Argentina's Justice Ministry Friday admitted during an Inter-American Human Rights Court hearing in Montevideo that the State had “violated rights and was not able to ascertain the truth” in the 1994 bombing of a Jewish welfare association AMIA in Buenos Aires.
The National State acknowledged its international responsibility for the violations to the right to life, security and non-discrimination of the victims of the AMIA bombing and must pay compensations of around US$ 700,000.
Speaking on behalf of the Justice Ministry's AMIA Unit, Natalia D'Alessandro admitted that those who were in charge of public power: prosecutors, judges, security forces, intelligence agents and the Executive at that time made the decision to cover up the truth and twist the investigation, accusing innocent people and protecting people close to the government.
She admitted the worst institutional baseness since the return of democracy had been committed when car thief Carlos Telleldín was paid US$ 400,000 to falsely accuse a group of policemen of the attack.
The Ministry also admitted that the State was corrupt: it did not take adequate protection measures for the AMIA, it did not protect the victims against a specific risk they were running, and intelligence operatives did nothing with the information they received about Mohsen Rabbani, who was later charged in the AMIA case.
The official also held the State accountable for the violation of the rights to judicial protection and the guarantees of access to truth and justice, and assured that Argentina is responsible because the authorities did not seek to uncover the truth, but to protect people close to the power of the time.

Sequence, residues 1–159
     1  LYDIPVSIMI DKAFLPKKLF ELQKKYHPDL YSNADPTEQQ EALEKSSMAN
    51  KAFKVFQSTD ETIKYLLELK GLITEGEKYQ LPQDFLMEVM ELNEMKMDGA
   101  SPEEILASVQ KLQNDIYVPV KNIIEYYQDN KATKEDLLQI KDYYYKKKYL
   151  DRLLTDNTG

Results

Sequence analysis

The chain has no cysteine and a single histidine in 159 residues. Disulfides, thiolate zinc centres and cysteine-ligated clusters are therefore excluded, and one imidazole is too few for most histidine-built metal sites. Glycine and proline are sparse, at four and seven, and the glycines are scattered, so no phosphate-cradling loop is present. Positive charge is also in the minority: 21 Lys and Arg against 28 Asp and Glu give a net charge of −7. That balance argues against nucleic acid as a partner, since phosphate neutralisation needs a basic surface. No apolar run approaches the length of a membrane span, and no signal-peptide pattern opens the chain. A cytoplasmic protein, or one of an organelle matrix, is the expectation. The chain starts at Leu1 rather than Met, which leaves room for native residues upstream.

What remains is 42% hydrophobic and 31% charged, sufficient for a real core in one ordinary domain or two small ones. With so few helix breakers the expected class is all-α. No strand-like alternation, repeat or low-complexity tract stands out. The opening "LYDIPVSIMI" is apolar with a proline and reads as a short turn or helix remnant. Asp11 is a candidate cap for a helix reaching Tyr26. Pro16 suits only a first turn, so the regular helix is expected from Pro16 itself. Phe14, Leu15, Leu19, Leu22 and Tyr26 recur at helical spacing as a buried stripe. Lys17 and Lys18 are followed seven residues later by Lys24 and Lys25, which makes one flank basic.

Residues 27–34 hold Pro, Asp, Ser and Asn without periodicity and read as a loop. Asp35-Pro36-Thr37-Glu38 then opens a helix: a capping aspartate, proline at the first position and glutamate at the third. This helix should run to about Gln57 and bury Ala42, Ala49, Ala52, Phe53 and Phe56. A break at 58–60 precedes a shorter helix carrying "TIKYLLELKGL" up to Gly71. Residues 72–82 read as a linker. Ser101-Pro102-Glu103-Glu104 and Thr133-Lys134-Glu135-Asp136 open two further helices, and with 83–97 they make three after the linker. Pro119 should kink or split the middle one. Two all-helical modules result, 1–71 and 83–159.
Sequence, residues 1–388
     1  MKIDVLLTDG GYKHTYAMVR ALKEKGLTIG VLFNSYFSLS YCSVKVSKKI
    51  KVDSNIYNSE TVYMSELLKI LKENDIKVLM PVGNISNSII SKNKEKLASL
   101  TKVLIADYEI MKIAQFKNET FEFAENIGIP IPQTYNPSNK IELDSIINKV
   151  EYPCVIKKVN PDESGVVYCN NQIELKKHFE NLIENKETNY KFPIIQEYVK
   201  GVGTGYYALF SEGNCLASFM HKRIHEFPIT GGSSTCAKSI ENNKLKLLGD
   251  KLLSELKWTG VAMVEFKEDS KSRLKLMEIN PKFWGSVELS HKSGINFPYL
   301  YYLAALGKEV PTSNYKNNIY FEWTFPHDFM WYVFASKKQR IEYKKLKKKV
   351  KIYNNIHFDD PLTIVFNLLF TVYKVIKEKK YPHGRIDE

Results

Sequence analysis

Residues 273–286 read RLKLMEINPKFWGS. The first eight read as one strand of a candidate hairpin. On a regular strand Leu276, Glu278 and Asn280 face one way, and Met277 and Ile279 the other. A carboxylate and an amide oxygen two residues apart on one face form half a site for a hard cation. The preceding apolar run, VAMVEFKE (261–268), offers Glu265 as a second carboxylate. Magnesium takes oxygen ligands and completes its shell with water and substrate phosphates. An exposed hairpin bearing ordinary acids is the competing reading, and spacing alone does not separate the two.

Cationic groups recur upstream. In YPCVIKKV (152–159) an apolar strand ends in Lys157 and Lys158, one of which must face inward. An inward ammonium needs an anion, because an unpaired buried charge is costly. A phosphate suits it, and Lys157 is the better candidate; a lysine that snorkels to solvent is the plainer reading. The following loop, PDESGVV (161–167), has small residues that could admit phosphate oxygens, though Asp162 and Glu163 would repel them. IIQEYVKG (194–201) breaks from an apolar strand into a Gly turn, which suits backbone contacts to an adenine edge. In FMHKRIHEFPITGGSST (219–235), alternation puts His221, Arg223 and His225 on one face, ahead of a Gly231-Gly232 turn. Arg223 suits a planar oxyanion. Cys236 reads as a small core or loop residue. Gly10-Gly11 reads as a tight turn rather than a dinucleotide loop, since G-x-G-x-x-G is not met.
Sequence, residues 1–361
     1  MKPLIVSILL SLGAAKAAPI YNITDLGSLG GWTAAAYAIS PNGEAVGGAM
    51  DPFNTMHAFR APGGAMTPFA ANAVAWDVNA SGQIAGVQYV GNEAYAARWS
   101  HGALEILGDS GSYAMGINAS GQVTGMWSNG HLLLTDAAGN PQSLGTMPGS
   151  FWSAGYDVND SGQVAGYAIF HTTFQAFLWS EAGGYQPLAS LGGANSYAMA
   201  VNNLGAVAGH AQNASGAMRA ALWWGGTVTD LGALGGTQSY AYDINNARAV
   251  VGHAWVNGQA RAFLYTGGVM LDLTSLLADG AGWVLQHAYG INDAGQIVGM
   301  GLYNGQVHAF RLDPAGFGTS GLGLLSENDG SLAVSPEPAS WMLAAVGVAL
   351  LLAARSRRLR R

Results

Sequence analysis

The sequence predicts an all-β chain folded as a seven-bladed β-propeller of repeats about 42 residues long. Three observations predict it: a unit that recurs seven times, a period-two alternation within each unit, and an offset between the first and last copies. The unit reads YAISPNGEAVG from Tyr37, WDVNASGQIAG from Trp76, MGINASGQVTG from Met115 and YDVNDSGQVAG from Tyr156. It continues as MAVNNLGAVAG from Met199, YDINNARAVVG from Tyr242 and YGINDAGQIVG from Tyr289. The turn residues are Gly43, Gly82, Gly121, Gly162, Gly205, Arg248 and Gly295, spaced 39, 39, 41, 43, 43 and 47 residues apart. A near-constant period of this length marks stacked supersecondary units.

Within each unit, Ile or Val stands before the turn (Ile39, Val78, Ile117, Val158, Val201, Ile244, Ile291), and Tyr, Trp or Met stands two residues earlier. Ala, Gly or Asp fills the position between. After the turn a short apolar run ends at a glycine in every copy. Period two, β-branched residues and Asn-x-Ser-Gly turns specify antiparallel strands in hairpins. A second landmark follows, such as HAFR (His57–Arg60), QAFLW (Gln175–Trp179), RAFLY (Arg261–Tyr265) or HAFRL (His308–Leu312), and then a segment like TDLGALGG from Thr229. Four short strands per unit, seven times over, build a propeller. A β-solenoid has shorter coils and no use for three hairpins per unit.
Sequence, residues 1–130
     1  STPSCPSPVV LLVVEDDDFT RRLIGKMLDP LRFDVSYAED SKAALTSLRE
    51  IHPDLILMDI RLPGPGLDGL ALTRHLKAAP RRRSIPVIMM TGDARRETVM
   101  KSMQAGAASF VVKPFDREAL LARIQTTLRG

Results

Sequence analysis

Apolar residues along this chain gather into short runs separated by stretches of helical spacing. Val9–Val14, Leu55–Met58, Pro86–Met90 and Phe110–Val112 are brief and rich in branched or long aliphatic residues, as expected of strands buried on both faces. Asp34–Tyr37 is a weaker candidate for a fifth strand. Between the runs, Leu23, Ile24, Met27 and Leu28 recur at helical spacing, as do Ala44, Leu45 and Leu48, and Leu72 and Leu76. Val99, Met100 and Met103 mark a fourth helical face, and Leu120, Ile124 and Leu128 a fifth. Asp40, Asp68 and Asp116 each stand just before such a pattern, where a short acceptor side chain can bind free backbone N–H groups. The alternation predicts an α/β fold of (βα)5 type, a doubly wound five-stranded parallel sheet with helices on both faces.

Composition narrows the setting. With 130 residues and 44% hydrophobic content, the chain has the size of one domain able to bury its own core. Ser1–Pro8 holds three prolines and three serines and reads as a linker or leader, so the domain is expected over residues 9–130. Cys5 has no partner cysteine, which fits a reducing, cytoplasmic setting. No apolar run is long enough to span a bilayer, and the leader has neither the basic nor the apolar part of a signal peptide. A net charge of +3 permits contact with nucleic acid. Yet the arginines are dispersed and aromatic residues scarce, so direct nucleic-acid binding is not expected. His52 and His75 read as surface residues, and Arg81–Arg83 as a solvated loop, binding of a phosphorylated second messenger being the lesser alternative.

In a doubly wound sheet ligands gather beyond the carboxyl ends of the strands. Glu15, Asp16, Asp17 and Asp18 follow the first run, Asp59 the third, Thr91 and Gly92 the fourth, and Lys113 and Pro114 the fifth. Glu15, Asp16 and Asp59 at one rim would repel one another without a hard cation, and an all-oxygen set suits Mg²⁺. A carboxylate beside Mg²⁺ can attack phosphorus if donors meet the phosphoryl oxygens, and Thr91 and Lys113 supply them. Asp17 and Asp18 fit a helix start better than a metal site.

After regretting the facts and praising the ethical coherence of Memoria Activa, the Justice Ministry recalled that the attack was a crime against humanity and, therefore, those responsible cannot hide behind the statute of limitations.
The Court will issue a sentence against Argentina in the coming months, including institutional obligations concerning the AMIA case; the functioning of justice and economic reparations, including compensation, expenses, travel, and legal fees, requested by the plaintiffs Memoria Activa and CELS and totaling some 700,000 dollars.
Colombian IAHRC Deputy Chief Justice Humberto Sierra Porto said he had complex feelings because the recognition of the State is harder than the allegation of the victims itself, it is a matter that has a dimension out of the ordinary.
The judge said that it is not enough for the State to recognize or to wait for the Court to tell it what to do, but that it is the State itself that must act. Only Argentines can reach agreements in a matter as sensitive as the judicial organization, he said.
Chief Justice Ricardo Pérez Manrique of Uruguay added that Argentina should not wait for the sentence to change what it claims.
CELS lawyer Paula Litvachky said that it was clear in this hearing that the State by itself was not capable of finding out the truth and that both with actions and negligence, it deprived everyone of the historical truth.
We are here for all the lives lost, for those who were forced to live with so much absence, and for the generations to come. We are here because we do not want to have to fight for 30 years to get what is rightfully ours, she added.